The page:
Find a Caregiver
4 Steps to Get Started
Finding the right in-home caregiver for your loved one is an important decision that can seem daunting. However, building a foundation of specific questions and requirements can help make the selection process easier and less stressful for all involved.
Start by asking yourself these four questions to help narrow the field of potential service providers in your area:
1. How much time a day or week do I need support?
Support can range from a few hours a day to 24-hour assistance. You may just need help overnight, Phentermine Online or during hours when you must go to work or be away from the home. Going into your search with this range of hours in mind will help steer you to the right level of care for your loved one. Many agencies also offer “respite care” which allows primary caregivers just a few hours to take much-needed personal time during the day or week.
2. What type of activities do I need supported?
For example, caregivers can assist with basic activities of daily living, also known as ADLs. These include administering medication, dressing, bathing, and helping with toileting. You can also look for specific services such as help with errands (some agencies can provide limited transportation), basic companionship, and other homemaking services like meal preparation and laundry. It’s also important to note if there are special needs involved, including physical (recent surgeries, injuries, incontinence, etc.) or mental conditions (dementia, tendency to wander, etc.). Many agencies offer free in-home evaluations or first-time consultations to see how your needs align with their services.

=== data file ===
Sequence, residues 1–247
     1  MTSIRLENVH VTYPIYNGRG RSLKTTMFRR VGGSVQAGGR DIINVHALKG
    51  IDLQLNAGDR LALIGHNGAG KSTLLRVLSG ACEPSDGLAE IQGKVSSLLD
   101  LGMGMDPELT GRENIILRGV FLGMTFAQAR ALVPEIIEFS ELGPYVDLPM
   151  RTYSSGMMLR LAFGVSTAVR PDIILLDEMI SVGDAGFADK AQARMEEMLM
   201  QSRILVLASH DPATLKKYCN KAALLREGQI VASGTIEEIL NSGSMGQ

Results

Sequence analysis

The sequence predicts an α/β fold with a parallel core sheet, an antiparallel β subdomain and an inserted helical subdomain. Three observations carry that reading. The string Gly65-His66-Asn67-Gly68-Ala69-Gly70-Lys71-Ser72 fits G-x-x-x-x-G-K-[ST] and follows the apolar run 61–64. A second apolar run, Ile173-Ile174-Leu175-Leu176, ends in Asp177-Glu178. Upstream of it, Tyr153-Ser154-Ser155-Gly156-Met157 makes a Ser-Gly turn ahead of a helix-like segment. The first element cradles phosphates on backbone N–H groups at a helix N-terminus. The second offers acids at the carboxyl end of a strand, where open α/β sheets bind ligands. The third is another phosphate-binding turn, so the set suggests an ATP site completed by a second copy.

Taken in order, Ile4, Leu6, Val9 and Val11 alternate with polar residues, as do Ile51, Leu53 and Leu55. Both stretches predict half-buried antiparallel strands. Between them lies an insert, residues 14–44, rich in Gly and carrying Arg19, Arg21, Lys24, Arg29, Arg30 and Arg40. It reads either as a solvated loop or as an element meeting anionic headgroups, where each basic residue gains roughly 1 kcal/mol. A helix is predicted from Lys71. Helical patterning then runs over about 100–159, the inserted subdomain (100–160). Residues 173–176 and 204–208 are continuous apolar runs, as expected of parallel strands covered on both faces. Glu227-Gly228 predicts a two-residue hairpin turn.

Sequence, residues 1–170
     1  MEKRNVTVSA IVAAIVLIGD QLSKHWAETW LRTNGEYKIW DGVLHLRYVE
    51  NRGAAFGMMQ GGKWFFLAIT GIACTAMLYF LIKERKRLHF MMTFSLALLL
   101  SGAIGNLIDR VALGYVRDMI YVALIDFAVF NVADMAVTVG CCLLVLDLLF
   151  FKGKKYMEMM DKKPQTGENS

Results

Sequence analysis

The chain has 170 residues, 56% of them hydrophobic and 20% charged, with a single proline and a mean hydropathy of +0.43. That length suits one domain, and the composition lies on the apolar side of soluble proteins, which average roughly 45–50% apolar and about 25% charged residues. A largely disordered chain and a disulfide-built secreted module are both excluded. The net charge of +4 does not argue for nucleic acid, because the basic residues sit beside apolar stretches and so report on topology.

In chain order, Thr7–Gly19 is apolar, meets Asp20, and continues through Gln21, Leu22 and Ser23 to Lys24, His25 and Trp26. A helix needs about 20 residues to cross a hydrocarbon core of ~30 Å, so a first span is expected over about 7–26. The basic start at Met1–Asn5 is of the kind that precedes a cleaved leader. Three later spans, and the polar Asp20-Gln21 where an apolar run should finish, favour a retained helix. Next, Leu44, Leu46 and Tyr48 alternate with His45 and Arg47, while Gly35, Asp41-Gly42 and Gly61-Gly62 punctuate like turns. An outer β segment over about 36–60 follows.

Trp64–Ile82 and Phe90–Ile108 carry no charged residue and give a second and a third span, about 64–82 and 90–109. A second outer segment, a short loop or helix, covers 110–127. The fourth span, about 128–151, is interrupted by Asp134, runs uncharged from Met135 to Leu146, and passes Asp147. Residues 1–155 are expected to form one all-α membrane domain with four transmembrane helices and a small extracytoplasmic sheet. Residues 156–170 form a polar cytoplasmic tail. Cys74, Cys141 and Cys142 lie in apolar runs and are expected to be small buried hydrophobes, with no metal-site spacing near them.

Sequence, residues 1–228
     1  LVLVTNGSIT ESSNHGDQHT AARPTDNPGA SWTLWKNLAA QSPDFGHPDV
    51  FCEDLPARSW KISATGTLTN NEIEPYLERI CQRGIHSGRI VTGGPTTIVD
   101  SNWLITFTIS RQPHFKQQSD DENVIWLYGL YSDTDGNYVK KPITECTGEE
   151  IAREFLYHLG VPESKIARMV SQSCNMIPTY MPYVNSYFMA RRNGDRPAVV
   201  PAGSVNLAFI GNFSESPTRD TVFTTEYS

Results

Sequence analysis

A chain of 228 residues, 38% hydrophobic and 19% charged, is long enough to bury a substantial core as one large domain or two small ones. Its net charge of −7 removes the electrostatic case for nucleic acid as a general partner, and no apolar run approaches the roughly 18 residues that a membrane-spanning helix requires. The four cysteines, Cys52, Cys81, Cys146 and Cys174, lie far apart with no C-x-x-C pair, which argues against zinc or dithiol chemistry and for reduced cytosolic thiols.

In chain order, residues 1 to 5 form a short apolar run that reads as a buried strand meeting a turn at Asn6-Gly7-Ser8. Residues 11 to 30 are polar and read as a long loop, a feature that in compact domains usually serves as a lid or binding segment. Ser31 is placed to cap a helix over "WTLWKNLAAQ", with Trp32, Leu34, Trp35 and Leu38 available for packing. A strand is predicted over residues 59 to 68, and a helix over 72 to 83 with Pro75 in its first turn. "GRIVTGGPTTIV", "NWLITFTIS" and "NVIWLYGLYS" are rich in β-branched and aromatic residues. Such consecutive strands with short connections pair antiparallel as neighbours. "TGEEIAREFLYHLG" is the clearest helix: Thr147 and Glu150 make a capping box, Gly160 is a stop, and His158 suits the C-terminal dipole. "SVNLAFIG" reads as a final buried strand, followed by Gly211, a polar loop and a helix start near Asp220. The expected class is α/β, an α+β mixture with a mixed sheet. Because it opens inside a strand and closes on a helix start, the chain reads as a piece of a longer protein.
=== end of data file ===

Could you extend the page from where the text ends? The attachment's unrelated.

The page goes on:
3. Does the caregiver need medical training or certification?
Depending on your answers to question number 2, you may need a Certified Nursing Assistant or a physical therapist. Also be sure and look for third-party certifications from organizations like CARF (Commission on Accreditation of Rehabilitation Facilities), CCAC (Continuing Care Accreditation Commission), and JCAHO (Joint Commission on Accreditation of Healthcare Organizations). These accreditations ensure that the agency has been thoroughly reviewed and serve as an additional measure of quality for your potential caregiver.
4. What payment options and guidance does the caregiver or agency support?
The world of Medicare and Medicaid can be tricky, so it’s important to understand what payment options are offered by your potential caregiver. Many agencies offer financial counseling in regards to payment options. and can help you navigate the waters of Medicare, Medicaid, or long-term care insurance. Be sure to set aside time to review your loved one’s financial status, and know your budget moving forward. You may also be paying out-of-pocket, or be “self-insured,” and should discuss the agency’s policy on this as well. Companies like Genworth Financial, Inc. compile annual “Cost of Care” surveys that can help you estimate the average hourly rate and yearly cost increases for different types of care in your state.
Next Steps – Refining the Search
Once you’ve narrowed down your options based on these guiding questions, you can then refine your search with more specific “nice-to-have” characteristics based on your loved one’s preferences and personality. For example, would your loved one respond best to the same caregiver taking care of him or her at every interaction, or is a team of caregivers acceptable? Are there any religious, cultural, or personal considerations that might play into the choice of caregiver (for example, a male being required to help move and dress a male, etc.)? Considering these additional factors can ensure that your loved one is as comfortable as possible during the transition.
Thanks for this article! I know first hand that when it comes to being a caregiver, the process can be stressful. Therefore, these tips are very helpful. The most important thing though is to choose the best option for the person who needs care as well as the caregiver. Great article for anyone in this situation.
I live in Oregon, I have done care giving for 15 years I am thinking about moving to California,and am seeking employment. My phone number is: 541-415-5700.